Unlike the ideological and abstract rulers of the Reagan Revolution, Khan’s analysis is deeply based on fact. Often overlooked in her profiles, the fact that she was a journalist for several years before entering law school, and she always starts with the facts on the ground – an approach that echoes the work of Louis Brandeis, the one of the most important anti-monopolists. our country has never known. We would expect to see this same factual approach to defining his work at the FTC.
In addition to taking enforcement action and promulgating rules, the FTC has the power to investigate to issue subpoenas and collect evidence related to potentially anti-competitive behavior on the part of nearly all businesses engaged in commerce. . This investigative power includes the power to review proposed mergers beyond a certain size and block those that âwould significantly reduce competitionâ. The agency can also sue companies when they engage in anti-competitive behavior and impose remedies that require them to change their business models. It can implement rules to combat widespread unfair competition methods and can impose civil penalties for violations. Khan was the key staff member of the House Antitrust Subcommittee’s grand investigation into how Amazon, Apple, Facebook and Google are using their dominance to hurt competition, rightly heralded as one of the best investigations. conducted by Congress over the past decades.
Although the agency’s final decisions are based on the votes of four other commissioners, including two appointed by Republicans, President Khan will lead a Democratic majority that can guide the agency’s strategy and decide when and how to use this powerful set. tools to move the economy in a more equitable direction. As president, she has the power to set the agenda and manage the staff.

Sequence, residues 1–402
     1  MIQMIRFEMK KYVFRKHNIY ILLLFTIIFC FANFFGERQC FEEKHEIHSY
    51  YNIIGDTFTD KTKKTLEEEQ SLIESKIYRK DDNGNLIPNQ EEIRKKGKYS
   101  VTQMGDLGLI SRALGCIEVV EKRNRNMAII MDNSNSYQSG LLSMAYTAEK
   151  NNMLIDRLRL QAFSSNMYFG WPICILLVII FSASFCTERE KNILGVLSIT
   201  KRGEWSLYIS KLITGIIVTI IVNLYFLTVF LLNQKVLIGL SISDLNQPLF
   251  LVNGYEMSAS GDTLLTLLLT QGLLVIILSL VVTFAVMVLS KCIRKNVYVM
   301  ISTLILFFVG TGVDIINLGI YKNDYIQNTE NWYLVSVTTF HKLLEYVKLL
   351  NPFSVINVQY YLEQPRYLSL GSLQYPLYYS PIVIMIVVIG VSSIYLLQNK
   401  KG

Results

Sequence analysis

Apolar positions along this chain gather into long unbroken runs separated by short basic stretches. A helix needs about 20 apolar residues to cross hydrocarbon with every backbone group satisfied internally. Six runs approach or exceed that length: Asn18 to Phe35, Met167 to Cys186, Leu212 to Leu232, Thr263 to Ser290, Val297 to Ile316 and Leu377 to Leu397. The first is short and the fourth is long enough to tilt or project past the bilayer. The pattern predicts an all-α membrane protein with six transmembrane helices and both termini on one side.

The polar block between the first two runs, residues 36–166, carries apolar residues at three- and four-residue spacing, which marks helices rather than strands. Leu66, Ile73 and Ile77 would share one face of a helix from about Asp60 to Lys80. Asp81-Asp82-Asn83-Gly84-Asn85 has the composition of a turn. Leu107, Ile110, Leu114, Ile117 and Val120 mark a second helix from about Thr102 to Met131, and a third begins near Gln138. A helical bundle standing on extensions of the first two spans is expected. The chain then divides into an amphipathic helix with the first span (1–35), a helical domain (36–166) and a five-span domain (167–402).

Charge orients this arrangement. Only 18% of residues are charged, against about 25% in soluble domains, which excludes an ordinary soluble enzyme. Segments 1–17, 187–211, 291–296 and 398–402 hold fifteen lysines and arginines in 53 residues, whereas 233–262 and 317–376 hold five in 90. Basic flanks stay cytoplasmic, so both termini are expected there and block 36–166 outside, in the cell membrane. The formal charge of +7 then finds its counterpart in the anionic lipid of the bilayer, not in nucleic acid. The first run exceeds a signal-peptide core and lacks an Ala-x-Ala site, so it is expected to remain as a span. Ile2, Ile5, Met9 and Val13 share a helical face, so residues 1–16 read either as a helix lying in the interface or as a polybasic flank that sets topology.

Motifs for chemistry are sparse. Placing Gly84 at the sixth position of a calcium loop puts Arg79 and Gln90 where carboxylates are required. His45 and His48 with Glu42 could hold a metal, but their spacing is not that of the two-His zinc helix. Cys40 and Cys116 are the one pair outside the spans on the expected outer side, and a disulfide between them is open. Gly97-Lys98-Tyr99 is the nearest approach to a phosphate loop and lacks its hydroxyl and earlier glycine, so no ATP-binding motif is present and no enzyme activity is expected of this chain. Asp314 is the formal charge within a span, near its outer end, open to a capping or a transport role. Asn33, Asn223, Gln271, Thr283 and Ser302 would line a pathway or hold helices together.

But she has her work cut out for her. Over the past forty years, the uncontrolled power and consolidation of business has decimated the middle class and left everyone except the ultra-rich in a much weaker economic position. Wages have gone down. The prices were raised. And it has become increasingly difficult to start and operate small and even medium-sized businesses. Mergers are occurring at an unprecedented rate and the the research is clear that they mainly lead to layoffs that help CEOs and hurt workers. Mergers and monopolization have wiped out black and brown owned businesses and destroyed communities. The problems of concentration are not niche or tangential; they are at the heart of what is wrong with our economy.
Strong competition policy – which the FTC can enforce and which we hope to see from President Khan – is essential to end this damage and achieve racial and economic justice. One of Khan’s most important contributions to anti-monopoly thought has been her Series of Arguments on Inequality and Monopoly, where she showed how concentration has been a key factor in our unmanageable inequality.